Paper by Yoshua Bengio (another deep learning pioneer).
Paper by Ali Sharif Razavian.
Paper by Jeff Donahue.

Data Augmentation Techniques

By now, we’re all probably numb to the importance of data in ConvNets, so let’s talk about ways that you can make your existing dataset even larger, just with a couple easy transformations. Like we’ve mentioned before, when a computer takes an image as an input, it will take in an array of pixel values. Let’s say that the whole image is shifted left by 1 pixel. To you and me, this change is imperceptible. However, to a computer, this shift can be fairly significant as the classification or label of the image doesn’t change, while the array does. Approaches that alter the training data in ways that change the array representation while keeping the label the same are known as data augmentation techniques. They are a way to artificially expand your dataset. Some popular augmentations people use are grayscales, horizontal flips, vertical flips, random crops, color jitters, translations, rotations, and much more. By applying just a couple of these transformations to your training data, you can easily double or triple the number of training examples.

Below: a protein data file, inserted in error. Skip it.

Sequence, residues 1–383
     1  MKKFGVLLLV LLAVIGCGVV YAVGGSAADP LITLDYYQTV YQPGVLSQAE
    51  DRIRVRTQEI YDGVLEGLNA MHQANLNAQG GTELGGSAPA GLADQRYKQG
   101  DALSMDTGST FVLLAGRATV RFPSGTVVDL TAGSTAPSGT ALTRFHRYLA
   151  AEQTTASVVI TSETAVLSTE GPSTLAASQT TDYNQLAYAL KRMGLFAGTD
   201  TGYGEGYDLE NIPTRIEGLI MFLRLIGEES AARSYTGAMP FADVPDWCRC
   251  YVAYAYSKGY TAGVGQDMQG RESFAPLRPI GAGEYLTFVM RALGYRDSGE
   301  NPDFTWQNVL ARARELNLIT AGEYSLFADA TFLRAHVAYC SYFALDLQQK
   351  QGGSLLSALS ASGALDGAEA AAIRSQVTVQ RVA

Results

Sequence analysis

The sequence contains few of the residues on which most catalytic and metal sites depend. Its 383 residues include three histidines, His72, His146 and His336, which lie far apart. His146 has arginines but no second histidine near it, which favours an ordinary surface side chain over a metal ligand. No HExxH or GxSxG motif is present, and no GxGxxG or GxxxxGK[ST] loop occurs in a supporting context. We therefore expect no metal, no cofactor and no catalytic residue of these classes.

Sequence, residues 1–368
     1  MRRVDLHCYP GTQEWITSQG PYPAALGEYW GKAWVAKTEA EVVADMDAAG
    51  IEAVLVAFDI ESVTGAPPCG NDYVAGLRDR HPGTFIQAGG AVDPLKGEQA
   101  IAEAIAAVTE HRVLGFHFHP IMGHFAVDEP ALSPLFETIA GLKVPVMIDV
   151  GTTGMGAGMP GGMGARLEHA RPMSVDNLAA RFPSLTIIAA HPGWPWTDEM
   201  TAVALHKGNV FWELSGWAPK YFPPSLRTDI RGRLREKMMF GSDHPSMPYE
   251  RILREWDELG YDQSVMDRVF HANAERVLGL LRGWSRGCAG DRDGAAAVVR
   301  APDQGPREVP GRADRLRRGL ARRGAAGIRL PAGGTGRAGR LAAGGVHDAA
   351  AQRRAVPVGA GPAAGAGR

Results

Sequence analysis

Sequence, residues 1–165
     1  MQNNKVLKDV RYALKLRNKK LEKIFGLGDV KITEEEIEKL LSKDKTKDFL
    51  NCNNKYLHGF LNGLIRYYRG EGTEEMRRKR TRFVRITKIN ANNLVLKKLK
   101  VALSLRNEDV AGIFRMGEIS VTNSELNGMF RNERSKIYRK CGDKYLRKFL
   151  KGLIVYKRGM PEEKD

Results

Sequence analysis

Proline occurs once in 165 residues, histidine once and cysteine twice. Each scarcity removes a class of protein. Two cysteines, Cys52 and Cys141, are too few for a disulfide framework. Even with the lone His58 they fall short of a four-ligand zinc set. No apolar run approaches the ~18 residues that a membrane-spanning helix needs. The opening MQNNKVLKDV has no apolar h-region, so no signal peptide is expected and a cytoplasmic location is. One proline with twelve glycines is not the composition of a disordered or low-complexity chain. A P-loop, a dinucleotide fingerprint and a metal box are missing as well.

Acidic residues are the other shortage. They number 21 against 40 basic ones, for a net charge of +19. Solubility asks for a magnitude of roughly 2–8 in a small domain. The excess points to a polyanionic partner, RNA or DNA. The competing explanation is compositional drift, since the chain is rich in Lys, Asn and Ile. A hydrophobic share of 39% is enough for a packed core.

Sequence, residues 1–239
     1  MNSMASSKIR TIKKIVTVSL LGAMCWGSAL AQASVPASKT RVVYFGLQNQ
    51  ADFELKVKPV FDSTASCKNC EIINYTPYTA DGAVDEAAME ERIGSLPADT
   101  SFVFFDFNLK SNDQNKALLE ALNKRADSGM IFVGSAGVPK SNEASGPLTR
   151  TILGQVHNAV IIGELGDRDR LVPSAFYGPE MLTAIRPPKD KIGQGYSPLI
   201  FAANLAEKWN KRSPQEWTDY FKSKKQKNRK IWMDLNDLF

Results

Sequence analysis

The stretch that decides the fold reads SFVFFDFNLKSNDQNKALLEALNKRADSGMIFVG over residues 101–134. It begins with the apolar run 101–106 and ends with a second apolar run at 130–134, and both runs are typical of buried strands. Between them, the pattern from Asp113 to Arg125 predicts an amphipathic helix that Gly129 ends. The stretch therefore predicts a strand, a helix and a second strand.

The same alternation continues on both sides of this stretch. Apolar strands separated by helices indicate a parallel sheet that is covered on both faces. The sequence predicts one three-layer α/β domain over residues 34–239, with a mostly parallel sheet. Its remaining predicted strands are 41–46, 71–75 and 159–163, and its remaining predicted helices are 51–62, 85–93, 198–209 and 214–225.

Bio: Adit Deshpande is currently a second year undergraduate student majoring in computer science and minoring in Bioinformatics at UCLA. He is passionate about applying his knowledge of machine learning and computer vision to areas in healthcare where better solutions can be engineered for doctors and patients.

Original. Reposted with permission.